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Chapter 27 : Miliary Tuberculosis
Category: Clinical Microbiology; Bacterial Pathogenesis
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Miliary tuberculosis (TB) is a lethal form of disseminated TB that results from a massive lymphohematogenous dissemination from a Mycobacterium tuberculosis-laden focus. Diagnosis of miliary TB requires the presence of a diffuse miliary infiltrate on a chest radiograph or high-resolution CT (HRCT) or histopathological evidence of miliary tubercles in tissue specimens obtained from multiple organs. The majority of the patients in a study had chest radiographs consistent with miliary TB; in some, these classical radiographic changes evolved over the course of the disease. The diagnosis of miliary TB is easier when the patient presents with classical miliary shadowing on chest radiograph in an appropriate setting. Magnetic resonance imaging (MRI) of the brain and spine is very useful in the initial evaluation and follow-up of miliary TB patients with TB meningitis (TBM) or spinal TB and also protects from radiation exposure. Adenosine deaminase and gamma interferon level estimation in ascitic fluid and pleural fluid can be helpful in the diagnosis of miliary TB. Changes in the WHO revised recommendations based on the Grading of Recommendations Assessment, Development and Evaluation (GRADE) system regarding the timing of starting of antiretroviral drugs, the choice of drugs, and the timing of initiation in relation to institution of anti-TB treatment, have been provided in this chapter. Assisted mechanical ventilation and other interventions may be required for the management of patients with miliary TB who develop acute respiratory distress syndrome (ARDS). BCG vaccination is effective in reducing the incidence of miliary TB, especially in children.
Pearl millet (Pennisetum typhoides) seeds are small grains that have an average diameter of <2 mm (A to C). These grains (D and E) correspond to the approximate size of lesions observed in miliary TB on HRCT of the chest.
Distribution of TB cases by anatomical site in immunocompetent (A) and immunosuppressed (B) adults. PTB, pulmonary TB; EPTB, extrapulmonary TB; GUTB, genitourinary TB; DTB, disseminated TB; MTB, miliary TB; ABD, abdominal TB; LNTB, lymph node TB. Reproduced with permission from Indian Journal of Medical Research ( 109 ).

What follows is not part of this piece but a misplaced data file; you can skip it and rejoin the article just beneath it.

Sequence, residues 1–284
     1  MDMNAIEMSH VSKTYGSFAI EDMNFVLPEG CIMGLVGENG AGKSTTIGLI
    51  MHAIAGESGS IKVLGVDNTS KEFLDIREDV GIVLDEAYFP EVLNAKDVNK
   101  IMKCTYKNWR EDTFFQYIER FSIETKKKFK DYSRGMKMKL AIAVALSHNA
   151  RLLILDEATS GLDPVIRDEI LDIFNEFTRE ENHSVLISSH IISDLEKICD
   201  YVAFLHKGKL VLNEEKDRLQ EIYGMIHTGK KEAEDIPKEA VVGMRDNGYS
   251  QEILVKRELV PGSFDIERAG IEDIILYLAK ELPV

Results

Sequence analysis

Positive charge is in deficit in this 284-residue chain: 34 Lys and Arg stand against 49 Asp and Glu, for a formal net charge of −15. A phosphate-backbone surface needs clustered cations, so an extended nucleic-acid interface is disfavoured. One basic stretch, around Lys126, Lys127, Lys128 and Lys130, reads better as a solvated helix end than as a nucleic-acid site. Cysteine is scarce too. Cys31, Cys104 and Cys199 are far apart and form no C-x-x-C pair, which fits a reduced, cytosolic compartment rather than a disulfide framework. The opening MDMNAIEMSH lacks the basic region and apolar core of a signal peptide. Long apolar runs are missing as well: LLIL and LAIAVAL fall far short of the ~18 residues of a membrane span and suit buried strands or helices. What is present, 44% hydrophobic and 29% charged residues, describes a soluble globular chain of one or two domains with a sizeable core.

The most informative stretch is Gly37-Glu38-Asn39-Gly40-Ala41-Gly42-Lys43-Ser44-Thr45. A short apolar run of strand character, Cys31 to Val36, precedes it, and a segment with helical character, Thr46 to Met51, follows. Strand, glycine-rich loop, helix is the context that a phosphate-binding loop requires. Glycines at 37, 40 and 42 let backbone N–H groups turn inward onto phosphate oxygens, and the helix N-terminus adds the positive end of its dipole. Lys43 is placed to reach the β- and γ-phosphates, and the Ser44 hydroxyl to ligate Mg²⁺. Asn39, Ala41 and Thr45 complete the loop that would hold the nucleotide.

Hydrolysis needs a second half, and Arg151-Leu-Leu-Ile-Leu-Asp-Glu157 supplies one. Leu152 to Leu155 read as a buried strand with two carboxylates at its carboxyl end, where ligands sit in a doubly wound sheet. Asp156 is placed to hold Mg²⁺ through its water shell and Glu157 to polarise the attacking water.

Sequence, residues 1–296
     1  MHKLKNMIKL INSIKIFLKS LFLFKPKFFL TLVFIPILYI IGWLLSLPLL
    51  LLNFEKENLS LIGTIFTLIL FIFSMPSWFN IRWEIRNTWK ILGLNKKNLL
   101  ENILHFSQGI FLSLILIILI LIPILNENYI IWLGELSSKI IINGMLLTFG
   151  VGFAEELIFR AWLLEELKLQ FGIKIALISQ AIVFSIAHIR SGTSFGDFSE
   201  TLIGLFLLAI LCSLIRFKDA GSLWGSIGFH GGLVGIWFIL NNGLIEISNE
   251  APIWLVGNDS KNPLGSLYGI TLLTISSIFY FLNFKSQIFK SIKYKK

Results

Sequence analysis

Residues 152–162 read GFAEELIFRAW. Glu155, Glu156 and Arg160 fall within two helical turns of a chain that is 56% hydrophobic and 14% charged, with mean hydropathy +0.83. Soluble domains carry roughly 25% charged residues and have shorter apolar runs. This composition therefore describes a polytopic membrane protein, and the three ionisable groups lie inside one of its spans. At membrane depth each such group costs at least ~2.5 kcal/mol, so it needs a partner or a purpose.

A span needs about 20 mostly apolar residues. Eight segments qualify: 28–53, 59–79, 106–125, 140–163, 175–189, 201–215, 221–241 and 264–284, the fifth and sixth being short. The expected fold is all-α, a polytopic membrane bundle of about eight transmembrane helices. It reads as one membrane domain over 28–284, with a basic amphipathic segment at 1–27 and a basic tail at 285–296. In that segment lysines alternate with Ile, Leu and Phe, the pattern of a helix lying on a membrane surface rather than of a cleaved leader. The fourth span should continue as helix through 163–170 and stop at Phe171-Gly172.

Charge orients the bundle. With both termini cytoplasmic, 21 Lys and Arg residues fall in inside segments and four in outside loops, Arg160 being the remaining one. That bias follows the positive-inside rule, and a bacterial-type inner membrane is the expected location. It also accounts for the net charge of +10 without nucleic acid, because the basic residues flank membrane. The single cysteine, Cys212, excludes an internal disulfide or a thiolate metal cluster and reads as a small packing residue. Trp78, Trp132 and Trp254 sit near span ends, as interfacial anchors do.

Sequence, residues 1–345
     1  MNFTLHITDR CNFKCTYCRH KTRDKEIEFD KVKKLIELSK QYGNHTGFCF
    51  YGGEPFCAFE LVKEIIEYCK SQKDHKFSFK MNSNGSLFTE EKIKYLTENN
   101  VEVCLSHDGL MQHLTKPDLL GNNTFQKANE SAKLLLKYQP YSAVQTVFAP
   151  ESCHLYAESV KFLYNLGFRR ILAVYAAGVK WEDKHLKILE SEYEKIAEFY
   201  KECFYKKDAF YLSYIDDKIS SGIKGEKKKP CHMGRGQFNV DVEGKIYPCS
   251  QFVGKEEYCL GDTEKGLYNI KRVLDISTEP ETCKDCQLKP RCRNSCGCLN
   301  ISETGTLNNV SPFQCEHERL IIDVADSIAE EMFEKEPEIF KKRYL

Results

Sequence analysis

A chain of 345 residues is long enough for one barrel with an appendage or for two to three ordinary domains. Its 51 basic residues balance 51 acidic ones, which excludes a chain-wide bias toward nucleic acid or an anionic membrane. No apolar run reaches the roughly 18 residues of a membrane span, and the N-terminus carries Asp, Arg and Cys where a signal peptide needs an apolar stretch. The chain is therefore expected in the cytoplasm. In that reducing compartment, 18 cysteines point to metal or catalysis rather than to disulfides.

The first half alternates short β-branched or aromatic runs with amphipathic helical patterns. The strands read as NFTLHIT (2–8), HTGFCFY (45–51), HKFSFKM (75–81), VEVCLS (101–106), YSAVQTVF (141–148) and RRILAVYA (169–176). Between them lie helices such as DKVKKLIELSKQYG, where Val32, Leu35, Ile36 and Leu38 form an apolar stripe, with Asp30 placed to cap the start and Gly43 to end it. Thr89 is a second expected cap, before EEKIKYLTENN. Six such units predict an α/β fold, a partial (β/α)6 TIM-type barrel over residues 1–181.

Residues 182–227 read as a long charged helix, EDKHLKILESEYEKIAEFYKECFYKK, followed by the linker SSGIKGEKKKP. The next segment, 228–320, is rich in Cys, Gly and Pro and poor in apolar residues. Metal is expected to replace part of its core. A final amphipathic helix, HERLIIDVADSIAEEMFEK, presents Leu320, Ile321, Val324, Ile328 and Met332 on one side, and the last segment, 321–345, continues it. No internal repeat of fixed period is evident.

Proportion of miliary TB cases among all reported TB cases and extrapulmonary TB (EPTB) cases. Reprinted with permission from the CDC ( 22 ).
Development of miliary TB. Small droplet nuclei (1 to 5 µm) containing Mycobacterium tuberculosis get deposited in the alveoli ( 1 ), where host-pathogen interactions occur. Seventy percent of individuals exposed do not get infected ( 2 ), whereas 30% develop infection ( 3 ). Infection is contained in 90% of those infected (latent TB infection) ( 4 ). The remaining 10% develop progressive primary TB ( 5 ). During this phase, extensive lymphohematogenous dissemination ( 6 ) to various organs can result in miliary TB. People with latent TB infection have a 10% lifetime risk of reactivation of the infection, resulting in postprimary TB ( 7 ). Fifty percent of reactivations occur during the first 2 years of primary infection. By contrast, in HIV-infected individuals with latent TB infection, the risk of reactivation is enormously high (approximately 10%/year). Massive lymphohematogenous dissemination during reactivation ( 8 ) can also result in miliary TB (progressive postprimary miliary TB). In areas with high transmission rates, reinfection with a new strain of Mycobacterium tuberculosis ( 9 ) can occur and the cycle is repeated. MTB, miliary TB; TNF, tumor necrosis factor. Reproduced with permission from Lancet Infectious Diseases ( 111 ).
Papulonodular skin lesions in a patient with miliary TB. Skin biopsy confirmed the diagnosis.
(A) Chest radiograph (postero-anterior view) of a 30-year old woman who presented with a 3-month history of fever with no other localizing clue; (B) HRCT of the same patient showing the classical miliary pattern. Bone marrow biopsy confirmed the diagnosis of miliary TB; Mycobacterium tuberculosis was grown on bronchoscopic aspirate culture.
Chest radiograph (antero-posterior view, done bedside with a portable machine) showing bilateral frontal opacities and air space consolidation suggestive of ARDS in an HIV-seropositive patient with miliary TB. Tracheal aspirate smear for AFB and bone marrow biopsy confirmed the diagnosis.
Guidelines on timing of antiretroviral treatment in patients with HIV-TB coinfection. ART, antiretroviral treatment; BHIVA, British HIV Association; EFV, efavirenz; HAART, highly active antiretroviral treatment. NNRTI, nonnucleoside reverse transcriptase inhibitor. Guidelines are based on references 83 and 139 .
Epidemiology of miliary TB
Conditions predisposing to or associated with miliary TB
Iatrogenic causes of miliary TB a
Organ system involvement in miliary TB a
Presenting symptoms and signs in miliary TB a
Atypical clinical manifestations and complications in miliary TB a
Method of confirmation of diagnosis in adults with miliary TB a
Laboratory abnormalities in miliary TB
Chest radiographic abnormalities in miliary TB a
Predictors of poor outcome in patients with disseminated or miliary TB